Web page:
So it seems there’s this TV show in England called Wheeler Dealers. The premise of the show is to find a classic car in need of some TLC, buy it, do it up, and then sell it on. It’s presented by a duo: there’s Mike Brewer who does the buying/selling and Edd China who does the repairs. I’d never heard of the show before, but I was doing some surfing regarding Volvo 1800S parts and came across a particular episode that featured a white P1800 (a 1968 1800S, F reg, as it happens). I decided to add the links here for later.
The overall flavor of this particular episode is kind of interesting and kind of annoying. First up, Brewer is majorly annoying, a kind of cheeky Cockney chappie car dealer. It seems he has an 1800S of his own (I’m guessing the green one shown at the beginning of the episode is his, a 1967 1800S, E reg), but the way he treats the bonnet of the car is just stupid. It doesn’t have a spring fastener so there’s no point in dropping the bonnet down from a height of a foot or two to close it. Prat. And FFS, it was an 1800S, so call it that and not P1800 all the time. (At one point, he called it a P1800E, which is just wrong.)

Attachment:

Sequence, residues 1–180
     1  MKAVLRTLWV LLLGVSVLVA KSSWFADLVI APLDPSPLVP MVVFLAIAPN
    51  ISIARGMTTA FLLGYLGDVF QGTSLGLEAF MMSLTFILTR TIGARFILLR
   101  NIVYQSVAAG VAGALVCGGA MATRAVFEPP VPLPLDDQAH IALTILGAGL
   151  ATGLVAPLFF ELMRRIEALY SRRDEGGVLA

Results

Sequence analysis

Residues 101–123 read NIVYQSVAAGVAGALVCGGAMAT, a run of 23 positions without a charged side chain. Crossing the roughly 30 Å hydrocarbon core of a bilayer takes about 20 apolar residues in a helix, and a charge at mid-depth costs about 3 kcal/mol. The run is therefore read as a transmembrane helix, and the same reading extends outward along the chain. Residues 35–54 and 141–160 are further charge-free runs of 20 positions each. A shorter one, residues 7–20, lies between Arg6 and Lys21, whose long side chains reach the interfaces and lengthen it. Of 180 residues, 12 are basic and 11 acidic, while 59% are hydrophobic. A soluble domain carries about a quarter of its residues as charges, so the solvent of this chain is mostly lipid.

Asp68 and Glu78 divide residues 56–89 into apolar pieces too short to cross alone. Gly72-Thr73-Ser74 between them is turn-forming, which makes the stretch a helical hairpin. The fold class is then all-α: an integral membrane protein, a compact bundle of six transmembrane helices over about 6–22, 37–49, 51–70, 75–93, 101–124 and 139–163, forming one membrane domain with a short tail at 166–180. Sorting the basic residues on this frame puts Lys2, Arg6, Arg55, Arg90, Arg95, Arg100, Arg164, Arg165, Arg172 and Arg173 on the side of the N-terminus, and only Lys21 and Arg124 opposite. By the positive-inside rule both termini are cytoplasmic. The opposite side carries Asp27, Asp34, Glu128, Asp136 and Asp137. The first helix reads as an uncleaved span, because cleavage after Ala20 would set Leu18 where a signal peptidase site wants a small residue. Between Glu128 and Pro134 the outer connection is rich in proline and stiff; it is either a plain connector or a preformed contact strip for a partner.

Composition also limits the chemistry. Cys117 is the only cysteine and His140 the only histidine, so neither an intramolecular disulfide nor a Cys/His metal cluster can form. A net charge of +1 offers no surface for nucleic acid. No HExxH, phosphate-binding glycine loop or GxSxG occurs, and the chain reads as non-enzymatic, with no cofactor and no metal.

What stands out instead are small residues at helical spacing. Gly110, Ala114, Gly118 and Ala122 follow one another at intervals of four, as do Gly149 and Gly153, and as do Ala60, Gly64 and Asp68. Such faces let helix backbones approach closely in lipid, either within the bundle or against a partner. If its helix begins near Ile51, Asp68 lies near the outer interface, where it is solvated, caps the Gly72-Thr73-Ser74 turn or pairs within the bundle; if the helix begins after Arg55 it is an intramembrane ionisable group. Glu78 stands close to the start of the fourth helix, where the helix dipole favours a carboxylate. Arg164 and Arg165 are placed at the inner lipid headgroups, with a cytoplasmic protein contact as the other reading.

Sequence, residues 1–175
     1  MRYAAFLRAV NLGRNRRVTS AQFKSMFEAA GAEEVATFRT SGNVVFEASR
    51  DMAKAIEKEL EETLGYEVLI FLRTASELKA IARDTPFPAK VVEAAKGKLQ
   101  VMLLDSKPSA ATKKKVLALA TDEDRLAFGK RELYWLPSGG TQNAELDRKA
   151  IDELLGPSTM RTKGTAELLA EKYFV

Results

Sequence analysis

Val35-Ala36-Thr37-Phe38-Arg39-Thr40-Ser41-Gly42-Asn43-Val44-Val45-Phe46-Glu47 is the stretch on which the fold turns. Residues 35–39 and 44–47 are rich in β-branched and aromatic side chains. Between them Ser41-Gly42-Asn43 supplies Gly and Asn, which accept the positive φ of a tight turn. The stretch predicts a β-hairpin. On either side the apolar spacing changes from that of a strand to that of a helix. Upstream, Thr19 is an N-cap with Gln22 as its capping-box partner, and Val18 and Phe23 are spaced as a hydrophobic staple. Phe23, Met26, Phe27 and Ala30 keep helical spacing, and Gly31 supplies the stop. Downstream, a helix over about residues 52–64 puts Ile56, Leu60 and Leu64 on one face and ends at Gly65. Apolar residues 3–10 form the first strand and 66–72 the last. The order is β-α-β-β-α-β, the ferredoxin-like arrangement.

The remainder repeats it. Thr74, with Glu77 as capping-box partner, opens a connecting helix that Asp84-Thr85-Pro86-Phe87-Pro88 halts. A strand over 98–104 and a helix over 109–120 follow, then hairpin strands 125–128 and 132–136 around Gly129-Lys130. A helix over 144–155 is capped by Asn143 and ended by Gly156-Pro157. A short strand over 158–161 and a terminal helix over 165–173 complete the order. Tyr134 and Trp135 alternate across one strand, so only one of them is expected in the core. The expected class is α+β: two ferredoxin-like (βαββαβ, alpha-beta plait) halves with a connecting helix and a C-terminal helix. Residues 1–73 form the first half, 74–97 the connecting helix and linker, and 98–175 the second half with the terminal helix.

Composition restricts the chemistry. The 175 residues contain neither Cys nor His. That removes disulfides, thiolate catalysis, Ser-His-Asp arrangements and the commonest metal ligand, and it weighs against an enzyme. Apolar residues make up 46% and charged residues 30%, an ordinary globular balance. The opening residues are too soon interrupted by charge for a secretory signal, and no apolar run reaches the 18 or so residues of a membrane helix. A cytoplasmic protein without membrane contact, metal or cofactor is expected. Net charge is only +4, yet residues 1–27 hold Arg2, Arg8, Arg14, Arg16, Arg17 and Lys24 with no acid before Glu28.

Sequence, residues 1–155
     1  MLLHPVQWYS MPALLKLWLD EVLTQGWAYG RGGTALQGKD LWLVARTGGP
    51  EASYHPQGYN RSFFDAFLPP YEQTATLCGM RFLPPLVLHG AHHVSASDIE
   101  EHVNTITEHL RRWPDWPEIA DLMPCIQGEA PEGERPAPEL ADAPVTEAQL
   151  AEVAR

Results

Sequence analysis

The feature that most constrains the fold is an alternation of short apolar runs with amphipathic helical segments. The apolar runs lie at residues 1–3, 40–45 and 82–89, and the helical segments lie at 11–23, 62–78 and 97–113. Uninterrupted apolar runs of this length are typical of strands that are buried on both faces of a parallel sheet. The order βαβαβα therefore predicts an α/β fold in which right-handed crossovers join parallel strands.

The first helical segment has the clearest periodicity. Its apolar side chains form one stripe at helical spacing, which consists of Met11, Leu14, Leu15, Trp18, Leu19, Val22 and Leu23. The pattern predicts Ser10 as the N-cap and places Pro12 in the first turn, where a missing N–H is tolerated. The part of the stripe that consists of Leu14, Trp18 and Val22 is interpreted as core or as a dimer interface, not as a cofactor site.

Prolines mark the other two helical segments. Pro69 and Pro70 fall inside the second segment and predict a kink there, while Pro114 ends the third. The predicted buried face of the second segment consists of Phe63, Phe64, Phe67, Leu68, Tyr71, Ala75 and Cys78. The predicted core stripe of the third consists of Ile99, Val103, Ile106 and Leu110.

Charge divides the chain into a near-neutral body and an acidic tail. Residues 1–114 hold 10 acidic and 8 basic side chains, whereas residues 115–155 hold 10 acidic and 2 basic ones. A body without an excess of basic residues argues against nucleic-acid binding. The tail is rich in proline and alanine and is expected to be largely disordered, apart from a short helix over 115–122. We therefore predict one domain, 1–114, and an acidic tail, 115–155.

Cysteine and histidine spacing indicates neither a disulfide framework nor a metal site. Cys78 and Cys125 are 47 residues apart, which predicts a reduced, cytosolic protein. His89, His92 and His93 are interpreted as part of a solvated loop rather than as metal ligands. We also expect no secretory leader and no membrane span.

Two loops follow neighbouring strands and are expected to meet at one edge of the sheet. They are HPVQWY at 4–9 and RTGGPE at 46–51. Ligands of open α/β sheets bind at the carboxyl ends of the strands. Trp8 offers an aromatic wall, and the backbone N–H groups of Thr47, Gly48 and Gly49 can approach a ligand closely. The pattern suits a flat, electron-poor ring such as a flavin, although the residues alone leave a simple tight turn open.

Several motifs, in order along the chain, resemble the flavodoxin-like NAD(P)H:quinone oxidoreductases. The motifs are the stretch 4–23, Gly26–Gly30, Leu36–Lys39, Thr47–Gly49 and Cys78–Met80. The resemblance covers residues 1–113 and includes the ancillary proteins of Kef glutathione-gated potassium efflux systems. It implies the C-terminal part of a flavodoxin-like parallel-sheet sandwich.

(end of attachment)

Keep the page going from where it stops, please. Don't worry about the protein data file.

By far the most interesting part for me was China’s: although this car was pretty original and had beautiful bodywork, the car had problems with a rough engine, a broken front suspension spring, and a non-operational fuel gauge. Turns out it needed a cylinder head rebuild, the carbs rebuilt, and a new fuel tank, sender, and gauge. Also of interest was the fact the cylinder head was refurbished with hardened valve seats so that it could run on unleaded fuel (the original car used 4-star of course). All that was pretty interesting to watch, at least for this scaredy cat armchair mechanic who will gladly send his off to Concours Cars to get fixed.
Intriguingly, although this was videoed in 2010 (I got mine in July 2010), the car cost £5,000 ($8,000) to purchase and they sold it for £8,350 ($13,360), which seems a little high. Maybe prices are more in the UK. Certainly prices have crept up over the past two or three years here for good examples (I’ve increased the insurance replacement value twice now for mine), but then that is true of the whole classic car market – it’s definitely an appreciating market at the moment. Total parts cost for this set of repairs was about £800, but that didn’t count the enormous amount of time China spent on it.